I’ve often said I’m a glutton for punishment and this weekends adventures confirmed that. Certainly the Bob Graham Round requires a strong sense of adventure, a penchant for technical fast fell running and a willingness to suffer a fair amount of pain.

As part of training for TDS (part of the UTMB series) I’ve been focusing on increasing my ascent and descent. Having checked the stats for Bob Graham it actually comes in at more ascent per mile than any of the famed UTMB races and therefore seemed a good training challenge to get in some long days out in the hills and test how my legs stood up to the shock. Along with another running buddy, also training for UTMB, we hatched a plan to recce the route on the 3-day bank holiday and crossed our fingers for good weather.

Our initial plan was legs 1 and 2 on day 1, legs 3 and 4 on day 2, and the final 5th leg on day 3. However, with it being bank holiday, buses were reduced and faced with a long drive back after an equally long day running on Monday we changed out plan to cut out day 3 and go for legs 3-5 in 1 day on the Sunday. The weather looked good, i had snacks to enough to feed a small army and off we set from Keswick at 7.30 am on Saturday morning.

Day 1, Leg 1

Day 1 started well, we made it up Skiddaw quickly, chasing another fell runner just in front of us. It’s actually the first time I’ve done Skiddaw in the day light, having previously attempted it at the end of the Lakes 3000 in dark, wind and rain, and I was surprised by the ease we reached the summit. Despite a small bit of clag we navigated off the top, hitting the fence line only marginally off and picking up the track down into the bog and up onto Great Calva. Coming off Great Calva we picked up the track down to the river, slowing massively as the conditions underfoot got pretty slippery and at one point hanging onto a fence for dear life to lower myself down the hillside (not the most glamorous look). After trekking across more bog and crossing a river up to my knees (wet shoes it would be then), we started the long ascent up the back shoulder of Blencathra, my favorite mountain in the Lakes. We reached the top with 30 minutes to get down within the maps 23 hour time guidelines feeling pleased with ourselves. Making the decision to go with the direct route off halls fell (rather than Doddick) we soon regretted it, slowing our pace considerably to get down the scramble before picking up the steep scree path down to Threkeld. We hit Threkeld in 4 hours 15, already behind time taking the chance to stop and refresh our water we had stashed the night before at the sports club.

Day 1, Leg 2

Leg 2 starts with the long and steep climb up Clough Head. Again we made good progress on the uphill, although steep, a relatively non-technical ascent. Hitting the top we were lucky to have a clear day and all summits in sight so navigating over the dodds (a notoriously tricky section) was no problem at all. Running as much as possible on the easier paths we continued across, now spying the higher ranges of Helvelyn and Nevermost Pike ahead of us. However after now over 6 hours of brutal ups and downs our energy was dipping, having to stop often to top up on food and relying on our poles to drag us up the fells. Reaching the end of the ridge way we were already at 7 hours 30 so well out of time with Fairfield and Seat Sandel still ahead of us. However with time not our main objective for the day, we continued on determined to finish day 1 strong. At this point we opted for the zig-zag route off the ridge followed by the direct route up Fairfield rather than the out and back option most people seem to select – a choice we regretted as soon as we hit the long scree slope slog up Fairfield that seemed to go on forever. The trip down the other side was no better and unfortunately showed up my lack of technical down hill running skills, with numerous fell runners overtaking me on the way down after a long days running. After reaching Seat Sandel we then made our first real nav error coming the wrong way off the top, instead of going direct down to the lay-by, taking the longer route back into Grasmere. However to our good luck this did enable us to pick up the bus back into Keswick after 9 hours, 39 minutes of running, 28.7 miles and 11903 ft ascent (and the same in descent). Although tired and in need of the George’s famous Cow Pie we felt relatively in one piece and pleased with our efforts, even if not the quickest.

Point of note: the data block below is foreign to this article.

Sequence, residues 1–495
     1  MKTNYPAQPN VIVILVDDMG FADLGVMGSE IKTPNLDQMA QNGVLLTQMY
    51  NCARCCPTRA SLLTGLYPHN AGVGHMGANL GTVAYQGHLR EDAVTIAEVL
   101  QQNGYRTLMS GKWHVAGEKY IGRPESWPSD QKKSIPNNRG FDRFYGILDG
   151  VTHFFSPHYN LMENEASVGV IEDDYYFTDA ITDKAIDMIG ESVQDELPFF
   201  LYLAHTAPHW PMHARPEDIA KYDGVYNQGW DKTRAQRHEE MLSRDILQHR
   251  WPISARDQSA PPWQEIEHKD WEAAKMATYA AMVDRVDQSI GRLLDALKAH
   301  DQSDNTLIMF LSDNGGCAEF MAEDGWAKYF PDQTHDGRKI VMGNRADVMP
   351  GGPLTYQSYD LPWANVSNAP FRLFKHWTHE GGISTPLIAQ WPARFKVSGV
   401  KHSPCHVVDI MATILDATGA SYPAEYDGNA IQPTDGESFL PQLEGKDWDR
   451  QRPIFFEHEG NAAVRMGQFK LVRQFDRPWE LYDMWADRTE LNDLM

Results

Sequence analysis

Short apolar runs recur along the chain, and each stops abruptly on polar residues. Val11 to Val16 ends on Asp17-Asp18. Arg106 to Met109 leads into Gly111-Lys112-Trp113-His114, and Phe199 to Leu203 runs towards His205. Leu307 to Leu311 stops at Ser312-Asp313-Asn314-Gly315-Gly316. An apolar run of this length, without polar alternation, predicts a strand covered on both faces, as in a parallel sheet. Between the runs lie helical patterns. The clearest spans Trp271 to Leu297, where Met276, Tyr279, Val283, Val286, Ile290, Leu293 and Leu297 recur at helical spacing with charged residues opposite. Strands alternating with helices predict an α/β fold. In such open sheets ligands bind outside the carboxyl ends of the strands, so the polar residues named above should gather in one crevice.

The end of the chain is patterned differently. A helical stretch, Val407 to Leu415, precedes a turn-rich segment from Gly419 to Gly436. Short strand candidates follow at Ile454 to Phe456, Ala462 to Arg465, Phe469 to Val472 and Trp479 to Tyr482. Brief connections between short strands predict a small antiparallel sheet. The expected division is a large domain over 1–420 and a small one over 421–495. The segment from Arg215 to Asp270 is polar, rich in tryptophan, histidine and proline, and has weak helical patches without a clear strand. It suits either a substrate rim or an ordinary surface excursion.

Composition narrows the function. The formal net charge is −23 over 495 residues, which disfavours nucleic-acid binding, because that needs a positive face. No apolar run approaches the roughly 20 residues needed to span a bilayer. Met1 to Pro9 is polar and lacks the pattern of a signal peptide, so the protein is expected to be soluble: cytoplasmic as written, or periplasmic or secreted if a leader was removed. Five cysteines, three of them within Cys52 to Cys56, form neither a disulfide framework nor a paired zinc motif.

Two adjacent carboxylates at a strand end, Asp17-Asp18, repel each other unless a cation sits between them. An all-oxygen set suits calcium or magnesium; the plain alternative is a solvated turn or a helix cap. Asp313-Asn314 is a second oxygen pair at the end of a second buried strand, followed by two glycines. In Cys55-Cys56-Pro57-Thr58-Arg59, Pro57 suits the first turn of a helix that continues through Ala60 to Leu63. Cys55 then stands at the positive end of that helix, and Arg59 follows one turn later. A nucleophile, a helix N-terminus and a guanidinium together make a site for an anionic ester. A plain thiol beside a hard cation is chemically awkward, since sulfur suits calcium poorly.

Bellies full, glass of wine had, peanut butter sandwiches made and off to bed for us in preparation for day 2…

Day 2, Leg 3

For day 2 we planned to run all the way back into Keswick so we opted to forgo public transport and leave a car at the start at the base of Steel Fell. Braving the icy and already strong winds down in the pass at 7.30am we shouldered our bags (with 2 litres of water each) and off we set, legs grumbling in anticipation of the steep climb ahead. And steep it was – a rude awaking into day 2 – although hitting the top of Steel fell we were surprised at how runnable the next section was along the plateau. After weaving our way across the bog we started up towards Sergeant Man, opting to take the path up the beck and missing Raise (sneeky but we had both done it before). Making good progress up the beck we hit to top and spent the next few hours wondering around the next peaks trying to ascertain which indeed was the real peak (and which were impostor Birketts or just cairns to guide the way). Certainly as part for a proper round attempt we would need to come back and recce in more detail! Already slow over the pikes and on rocky terrain we then made our second nav error, coming off right from Martcrag Moor towards Stake Pass rather than direct route down the fell side. As a result we added on the miles and minutes, back tracking to take the “heather ledge” up to Rossett Pike.